Home run Ogden, thanks for the memories.


50 miler training log (update 5/29/17)

Day 1, 2/27/17 – Today was the first day of training for the Bryce Canyon 50 mile race that will be held on June 17th, 2017.  I have been averaging roughly 30 miles/week leading up to this training stretch.  And to be honest, I feel nowhere remotely close to how I felt at this point in time last year.. not in a good way. 30 years old has made me realize my body is in control, no matter what my brain says…at times I guess.  Pain and soreness I have never felt before surprises me every few days.

I had ran 13.1 on Saturday morning, 5 miles yesterday (that was pain filled for about 3 miles of it) and then the program I will be following from Hal Koerner called for 6 miles today.  Moving forward, Monday is normally the day off, as this program calls for the long run on Saturday, followed by another mini long run Sunday (ex. this weekend is 15m on Saturday, 9m on Sunday).

This training will test tolerance, and patience.  Lots of pain, lots of sleep, lots of early mornings until June.  Ready or not.

3/26/17 – From the 27th of February until now, I was only able to log 54 miles due to an injury that came in like Miley Cyrus on a wrecking ball.  Today was the first time I have put any miles down since March 7 while on vacation in Hawaii.  I was completely miserable in Hawaii, with all the beautiful beaches and roads to run on, my ankle/leg had other plans in store.  I will be sadly very behind on the schedule for the 50 mile run in June, but at this point, I am just hoping I can begin to start logging miles!  I have been comparable to a hibernating bear the last 3 weeks.  I know the scale knows it, and my waist on my pants knows it.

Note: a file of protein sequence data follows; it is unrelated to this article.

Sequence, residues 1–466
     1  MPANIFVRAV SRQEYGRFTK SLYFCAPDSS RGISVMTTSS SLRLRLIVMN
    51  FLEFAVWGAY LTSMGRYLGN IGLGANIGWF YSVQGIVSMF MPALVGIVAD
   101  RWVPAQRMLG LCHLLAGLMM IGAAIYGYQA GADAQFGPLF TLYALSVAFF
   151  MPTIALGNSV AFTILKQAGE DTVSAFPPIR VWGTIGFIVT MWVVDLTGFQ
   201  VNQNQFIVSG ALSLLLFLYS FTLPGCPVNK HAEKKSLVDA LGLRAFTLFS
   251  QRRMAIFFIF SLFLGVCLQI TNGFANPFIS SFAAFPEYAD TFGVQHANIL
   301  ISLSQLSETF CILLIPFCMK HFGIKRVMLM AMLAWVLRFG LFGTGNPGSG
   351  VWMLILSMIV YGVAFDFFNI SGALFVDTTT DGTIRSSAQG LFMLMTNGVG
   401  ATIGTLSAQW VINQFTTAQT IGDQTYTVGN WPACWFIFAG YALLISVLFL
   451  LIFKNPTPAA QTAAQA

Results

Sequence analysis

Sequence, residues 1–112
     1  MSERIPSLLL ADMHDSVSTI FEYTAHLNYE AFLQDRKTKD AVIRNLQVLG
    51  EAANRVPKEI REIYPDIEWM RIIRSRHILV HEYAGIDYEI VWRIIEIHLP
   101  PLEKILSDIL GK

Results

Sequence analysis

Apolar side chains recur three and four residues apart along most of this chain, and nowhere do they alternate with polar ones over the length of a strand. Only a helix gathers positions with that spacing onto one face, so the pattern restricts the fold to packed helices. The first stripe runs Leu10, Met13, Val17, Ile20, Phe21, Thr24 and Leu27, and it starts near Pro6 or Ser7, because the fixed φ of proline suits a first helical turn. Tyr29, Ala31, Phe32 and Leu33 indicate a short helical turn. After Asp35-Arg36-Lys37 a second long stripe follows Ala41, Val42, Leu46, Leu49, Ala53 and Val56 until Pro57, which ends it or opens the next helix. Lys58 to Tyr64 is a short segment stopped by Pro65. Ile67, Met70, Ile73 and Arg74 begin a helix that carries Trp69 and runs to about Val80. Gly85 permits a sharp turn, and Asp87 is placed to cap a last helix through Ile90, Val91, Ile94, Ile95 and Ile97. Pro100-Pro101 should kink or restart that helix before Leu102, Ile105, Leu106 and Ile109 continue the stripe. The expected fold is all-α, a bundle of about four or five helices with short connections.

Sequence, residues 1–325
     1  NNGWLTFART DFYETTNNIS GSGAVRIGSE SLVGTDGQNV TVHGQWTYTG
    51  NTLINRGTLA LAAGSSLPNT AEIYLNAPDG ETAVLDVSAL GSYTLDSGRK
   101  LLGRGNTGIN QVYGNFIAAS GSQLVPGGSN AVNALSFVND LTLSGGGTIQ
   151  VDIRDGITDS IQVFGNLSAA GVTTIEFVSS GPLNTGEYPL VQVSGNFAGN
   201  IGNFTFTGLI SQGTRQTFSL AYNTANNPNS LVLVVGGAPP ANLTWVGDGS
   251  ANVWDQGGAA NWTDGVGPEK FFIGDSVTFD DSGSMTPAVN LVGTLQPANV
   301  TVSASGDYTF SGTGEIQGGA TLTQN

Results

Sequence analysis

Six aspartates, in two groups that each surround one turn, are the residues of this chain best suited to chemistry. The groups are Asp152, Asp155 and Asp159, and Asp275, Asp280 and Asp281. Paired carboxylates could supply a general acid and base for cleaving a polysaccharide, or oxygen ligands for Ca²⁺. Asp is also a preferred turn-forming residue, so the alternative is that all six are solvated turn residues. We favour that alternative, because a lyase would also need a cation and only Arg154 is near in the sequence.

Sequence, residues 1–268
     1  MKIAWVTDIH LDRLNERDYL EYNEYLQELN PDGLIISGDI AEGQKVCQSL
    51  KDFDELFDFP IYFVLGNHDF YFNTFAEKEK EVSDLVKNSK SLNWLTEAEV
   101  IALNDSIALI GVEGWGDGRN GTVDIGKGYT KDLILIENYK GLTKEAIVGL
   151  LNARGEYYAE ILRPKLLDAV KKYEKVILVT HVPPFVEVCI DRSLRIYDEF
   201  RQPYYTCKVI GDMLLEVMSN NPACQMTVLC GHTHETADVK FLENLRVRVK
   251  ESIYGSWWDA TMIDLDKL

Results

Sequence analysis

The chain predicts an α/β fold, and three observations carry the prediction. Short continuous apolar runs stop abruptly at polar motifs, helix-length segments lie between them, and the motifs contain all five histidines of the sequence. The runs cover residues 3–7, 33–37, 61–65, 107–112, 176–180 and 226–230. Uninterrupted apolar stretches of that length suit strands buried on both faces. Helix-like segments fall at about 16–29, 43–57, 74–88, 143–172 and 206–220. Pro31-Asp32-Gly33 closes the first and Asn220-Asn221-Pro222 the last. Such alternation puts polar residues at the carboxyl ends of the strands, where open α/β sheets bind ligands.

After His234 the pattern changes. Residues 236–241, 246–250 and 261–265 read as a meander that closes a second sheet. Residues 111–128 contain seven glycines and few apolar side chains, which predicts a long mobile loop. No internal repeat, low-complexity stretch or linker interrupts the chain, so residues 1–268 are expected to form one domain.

3/28/17 – Awoke this morning at 0154 and could not for the life of me get back to sleep.  Got out of bed, laid on the couch to see if that would trigger sleep-land again, but no luck.  After rolling around for an hour and a half, figured I might as well get up and get a run in before I headed into the office.  And by run, it’s more of a pain jog at this point.  Pace is hovering between 8:50-9 minute miles.  The pain isn’t so much on the anterior shin/tibula area at the current moment, seems to now be completely focused in on the ankle.  And boy, is it a burner.  Was able to put in 4 miles outside before having to head in and shower before work.  It was about 38 degrees this morning with a slight wind gust heading home.  As weird as it may seem, I thoroughly enjoyed just getting out and moving around, I have had cabin fever on the couch lately.  Not sure how religious I will get with the bright and early headlamp runs before work, but it sure was a great change from what I have been used to the last couple days.

3/30/17 – Yesterday we ran a trail run for the Wasatch Trail Series in Draper, Utah.  I opted for the shorter distance @ 3.85miles, as my leg continues it’s successful efforts in maintaining a steady dose of pain throughout my daily existence.  The run for a little over 2 miles was basically an incline from dirt hell.  Throw in some horseshoe tracks, horse turds, and deep rutted paths, and you got yourself this trail run!  Lots of people showed up turns out.  Apparently this series hadn’t ever seen a turn out like this before, as the race was set to begin at 6:30pm, but it didn’t actually start til 6:50pm due to people still registering…which makes no sense to me, as any other race that has ever existed has never held the trigger on the gun due to, well we are still waiting for people to finish registering.  Race start time, 6:30pm means, in the most simplest English, the race, will begin, at 6:30pm.